Nasser: The Last Arab Hardcover – April 27, 2004
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From Publishers Weekly
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- Item Weight : 1.5 pounds
- Hardcover : 432 pages
- ISBN-10 : 031228683X
- ISBN-13 : 978-0312286835
- Dimensions : 6.36 x 1.23 x 9.62 inches
- Publisher : Thomas Dunne Books; 1st edition (April 27, 2004)
- Language: : English
- Best Sellers Rank: #2,253,331 in Books (See Top 100 in Books)
- Customer Reviews:
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It was Nasser's dream to create a united Arab nation; one that superceded religious division which mares the Middle East today, but one that united its peoples to create a superpower capable of matching the economic and military might of an emerging unified Europe, China, the USSR and America. His polictial policies help create the Non-Aligned League, along with India's Nehru and Yugoslavia's Tito which played the superpowers the way they attempted to play lesser nations.
The book is very well written, though there are a few minor grammatical errors due to translation, Nevertheless, they take nothing away from this outstanding book. This 311 page book would be great for anyone interested in World or Middle Eastern history, as well the ongoing conflict between Israel and the Moslem World, the Cold War, military history, or just wants to understand the background of how we got where we are today in the Near East."Nasser: The Last Arab" is, in the end, a fascinating story of a brilliant and yet flawed man who rose from obscurity to dominate an region and just as quickly, fell from power and in the process became a modern legend.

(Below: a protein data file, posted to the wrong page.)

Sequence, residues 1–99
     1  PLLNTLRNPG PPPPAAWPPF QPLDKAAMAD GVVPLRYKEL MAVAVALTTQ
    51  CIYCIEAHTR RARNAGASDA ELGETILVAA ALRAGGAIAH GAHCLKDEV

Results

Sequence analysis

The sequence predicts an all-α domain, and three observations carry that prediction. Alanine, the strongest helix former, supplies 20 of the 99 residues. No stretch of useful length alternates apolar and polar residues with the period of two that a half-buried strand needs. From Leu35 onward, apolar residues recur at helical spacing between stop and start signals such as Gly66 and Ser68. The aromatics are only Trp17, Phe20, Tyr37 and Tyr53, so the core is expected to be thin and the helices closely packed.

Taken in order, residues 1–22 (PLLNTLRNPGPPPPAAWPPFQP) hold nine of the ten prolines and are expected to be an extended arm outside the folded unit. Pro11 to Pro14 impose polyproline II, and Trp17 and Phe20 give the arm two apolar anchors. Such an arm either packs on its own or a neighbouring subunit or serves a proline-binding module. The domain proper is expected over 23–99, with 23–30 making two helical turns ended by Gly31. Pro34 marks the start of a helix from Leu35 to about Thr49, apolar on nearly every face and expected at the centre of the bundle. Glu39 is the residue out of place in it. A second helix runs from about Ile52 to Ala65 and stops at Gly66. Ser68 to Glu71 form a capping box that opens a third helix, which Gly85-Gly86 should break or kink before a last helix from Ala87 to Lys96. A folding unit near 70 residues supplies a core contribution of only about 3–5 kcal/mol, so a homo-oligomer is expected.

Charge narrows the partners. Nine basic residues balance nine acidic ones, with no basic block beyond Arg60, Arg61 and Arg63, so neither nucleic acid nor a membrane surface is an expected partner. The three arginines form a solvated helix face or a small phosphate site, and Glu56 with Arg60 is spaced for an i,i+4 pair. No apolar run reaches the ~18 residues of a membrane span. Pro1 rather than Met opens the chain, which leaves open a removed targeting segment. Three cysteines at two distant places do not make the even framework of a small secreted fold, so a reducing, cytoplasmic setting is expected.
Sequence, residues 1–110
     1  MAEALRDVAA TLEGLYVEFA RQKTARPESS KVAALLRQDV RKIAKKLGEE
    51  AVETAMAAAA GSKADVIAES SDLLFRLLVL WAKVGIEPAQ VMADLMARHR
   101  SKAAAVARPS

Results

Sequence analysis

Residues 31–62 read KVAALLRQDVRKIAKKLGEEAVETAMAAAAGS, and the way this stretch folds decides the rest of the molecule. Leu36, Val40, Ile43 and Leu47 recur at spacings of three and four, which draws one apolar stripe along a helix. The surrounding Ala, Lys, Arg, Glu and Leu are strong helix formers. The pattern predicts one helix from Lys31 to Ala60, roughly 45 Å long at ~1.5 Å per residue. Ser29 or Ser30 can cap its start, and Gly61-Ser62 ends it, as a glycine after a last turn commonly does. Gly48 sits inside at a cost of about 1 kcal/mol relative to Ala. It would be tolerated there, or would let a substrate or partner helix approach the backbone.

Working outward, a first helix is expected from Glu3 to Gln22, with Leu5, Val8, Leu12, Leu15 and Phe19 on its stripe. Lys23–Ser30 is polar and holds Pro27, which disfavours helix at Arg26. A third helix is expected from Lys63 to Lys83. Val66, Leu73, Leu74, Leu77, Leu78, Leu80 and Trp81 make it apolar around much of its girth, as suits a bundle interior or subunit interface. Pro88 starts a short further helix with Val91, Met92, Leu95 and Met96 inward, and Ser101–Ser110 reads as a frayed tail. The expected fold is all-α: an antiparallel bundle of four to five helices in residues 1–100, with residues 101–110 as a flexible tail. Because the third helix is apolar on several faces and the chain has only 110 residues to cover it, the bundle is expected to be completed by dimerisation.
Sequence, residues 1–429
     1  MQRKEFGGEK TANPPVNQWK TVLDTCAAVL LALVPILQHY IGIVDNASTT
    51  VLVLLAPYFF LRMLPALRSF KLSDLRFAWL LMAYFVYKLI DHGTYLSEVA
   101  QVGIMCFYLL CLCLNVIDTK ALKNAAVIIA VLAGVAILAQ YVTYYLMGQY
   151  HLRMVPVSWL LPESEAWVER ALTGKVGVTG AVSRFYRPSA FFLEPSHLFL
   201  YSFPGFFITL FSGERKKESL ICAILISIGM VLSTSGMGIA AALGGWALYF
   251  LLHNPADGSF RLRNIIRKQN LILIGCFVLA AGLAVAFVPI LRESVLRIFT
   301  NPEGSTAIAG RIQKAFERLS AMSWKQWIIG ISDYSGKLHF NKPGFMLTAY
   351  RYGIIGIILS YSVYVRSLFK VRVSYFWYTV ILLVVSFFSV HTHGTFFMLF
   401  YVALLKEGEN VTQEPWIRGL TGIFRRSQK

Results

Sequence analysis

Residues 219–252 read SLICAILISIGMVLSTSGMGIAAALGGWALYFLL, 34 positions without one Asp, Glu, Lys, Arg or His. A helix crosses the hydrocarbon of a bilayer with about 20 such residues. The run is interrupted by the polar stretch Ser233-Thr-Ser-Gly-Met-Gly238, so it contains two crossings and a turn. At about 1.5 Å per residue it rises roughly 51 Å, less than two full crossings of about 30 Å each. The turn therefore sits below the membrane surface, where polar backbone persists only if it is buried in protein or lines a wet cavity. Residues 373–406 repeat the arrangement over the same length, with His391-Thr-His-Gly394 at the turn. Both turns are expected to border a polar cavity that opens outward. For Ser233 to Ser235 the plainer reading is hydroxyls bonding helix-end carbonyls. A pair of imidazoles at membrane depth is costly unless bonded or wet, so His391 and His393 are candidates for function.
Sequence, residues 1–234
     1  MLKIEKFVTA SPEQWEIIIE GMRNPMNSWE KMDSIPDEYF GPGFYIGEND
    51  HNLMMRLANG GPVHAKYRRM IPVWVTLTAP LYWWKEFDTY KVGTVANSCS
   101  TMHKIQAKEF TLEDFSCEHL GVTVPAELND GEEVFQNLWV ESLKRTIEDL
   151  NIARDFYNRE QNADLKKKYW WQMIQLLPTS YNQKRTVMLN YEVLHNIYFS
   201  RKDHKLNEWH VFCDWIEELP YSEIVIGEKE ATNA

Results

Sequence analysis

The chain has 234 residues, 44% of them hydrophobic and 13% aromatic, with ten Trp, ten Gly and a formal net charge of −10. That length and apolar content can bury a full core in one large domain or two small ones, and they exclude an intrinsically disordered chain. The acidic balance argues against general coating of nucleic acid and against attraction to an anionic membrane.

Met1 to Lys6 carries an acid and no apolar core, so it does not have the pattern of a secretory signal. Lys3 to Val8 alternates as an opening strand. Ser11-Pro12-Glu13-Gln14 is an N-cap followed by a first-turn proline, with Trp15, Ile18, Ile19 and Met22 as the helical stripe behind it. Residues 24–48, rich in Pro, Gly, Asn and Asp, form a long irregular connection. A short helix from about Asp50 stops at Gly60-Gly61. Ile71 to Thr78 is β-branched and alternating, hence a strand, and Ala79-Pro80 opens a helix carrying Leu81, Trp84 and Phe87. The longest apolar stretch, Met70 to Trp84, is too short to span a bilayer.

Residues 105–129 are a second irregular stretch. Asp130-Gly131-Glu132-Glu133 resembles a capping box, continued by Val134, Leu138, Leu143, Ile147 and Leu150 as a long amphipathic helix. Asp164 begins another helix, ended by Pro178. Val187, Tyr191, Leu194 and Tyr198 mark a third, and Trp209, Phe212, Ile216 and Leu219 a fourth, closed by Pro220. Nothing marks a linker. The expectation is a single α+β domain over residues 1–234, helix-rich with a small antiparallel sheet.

According to Aburish, Nasser was a popular leader only and had no vision, platform or plan for the Arab world. Aburish correctly argues that Nasser had two positive sides only to his leadership: The first is that Nasser was never corrupt and the second is that his dictatorship depended mostly on his charisma.
Nasser didn't live a luxurious life or eliminate his earlier comrades after he took over the Egyptian rule. Nasser's single-mindedness in decision-making, however, dominated his leadership. This rare influence depended on an undisputed leadership drawing mainly on Nasser's popularity and charisma.
Through a narration covering Nasser's life since his early days, Aburish leaves then his reader to judge whether an incompetent popular leader with no platform was needed at that period of Arab history or not.
The book is also a good read for all those who are interested in exploring the history of Egypt and the Arab world between the late 1940s and 1970.
In terms of style, Aburish presents an easy going and attractive narrative. His sources and research are, by and large, credible.
Certainly several pro-Arab nationalism reviewers will find Aburish's book not credible, but whoever wants to dispute this account should provide a better one instead of employing emotions only in criticizing this work.